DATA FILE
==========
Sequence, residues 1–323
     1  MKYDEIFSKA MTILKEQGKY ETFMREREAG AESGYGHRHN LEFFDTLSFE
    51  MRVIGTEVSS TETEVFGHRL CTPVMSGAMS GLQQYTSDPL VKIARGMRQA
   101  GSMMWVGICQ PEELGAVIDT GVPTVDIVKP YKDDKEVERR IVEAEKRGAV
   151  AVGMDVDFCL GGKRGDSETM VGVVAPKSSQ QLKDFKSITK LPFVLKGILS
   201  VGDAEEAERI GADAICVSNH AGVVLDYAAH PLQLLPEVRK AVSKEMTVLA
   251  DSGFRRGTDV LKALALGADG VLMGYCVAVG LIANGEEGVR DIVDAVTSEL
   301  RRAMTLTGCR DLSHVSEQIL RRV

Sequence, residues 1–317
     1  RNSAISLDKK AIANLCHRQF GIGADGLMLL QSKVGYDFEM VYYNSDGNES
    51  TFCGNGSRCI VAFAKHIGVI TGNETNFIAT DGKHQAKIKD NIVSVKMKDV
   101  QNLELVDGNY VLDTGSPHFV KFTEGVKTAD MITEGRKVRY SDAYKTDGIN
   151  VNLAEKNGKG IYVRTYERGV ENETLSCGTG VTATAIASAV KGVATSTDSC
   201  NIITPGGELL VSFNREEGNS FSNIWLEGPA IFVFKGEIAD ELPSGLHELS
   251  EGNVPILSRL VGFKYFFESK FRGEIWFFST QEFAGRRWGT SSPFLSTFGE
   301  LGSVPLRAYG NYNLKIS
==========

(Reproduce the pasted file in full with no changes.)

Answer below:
Sequence, residues 1–323
     1  MKYDEIFSKA MTILKEQGKY ETFMREREAG AESGYGHRHN LEFFDTLSFE
    51  MRVIGTEVSS TETEVFGHRL CTPVMSGAMS GLQQYTSDPL VKIARGMRQA
   101  GSMMWVGICQ PEELGAVIDT GVPTVDIVKP YKDDKEVERR IVEAEKRGAV
   151  AVGMDVDFCL GGKRGDSETM VGVVAPKSSQ QLKDFKSITK LPFVLKGILS
   201  VGDAEEAERI GADAICVSNH AGVVLDYAAH PLQLLPEVRK AVSKEMTVLA
   251  DSGFRRGTDV LKALALGADG VLMGYCVAVG LIANGEEGVR DIVDAVTSEL
   301  RRAMTLTGCR DLSHVSEQIL RRV

Sequence, residues 1–317
     1  RNSAISLDKK AIANLCHRQF GIGADGLMLL QSKVGYDFEM VYYNSDGNES
    51  TFCGNGSRCI VAFAKHIGVI TGNETNFIAT DGKHQAKIKD NIVSVKMKDV
   101  QNLELVDGNY VLDTGSPHFV KFTEGVKTAD MITEGRKVRY SDAYKTDGIN
   151  VNLAEKNGKG IYVRTYERGV ENETLSCGTG VTATAIASAV KGVATSTDSC
   201  NIITPGGELL VSFNREEGNS FSNIWLEGPA IFVFKGEIAD ELPSGLHELS
   251  EGNVPILSRL VGFKYFFESK FRGEIWFFST QEFAGRRWGT SSPFLSTFGE
   301  LGSVPLRAYG NYNLKIS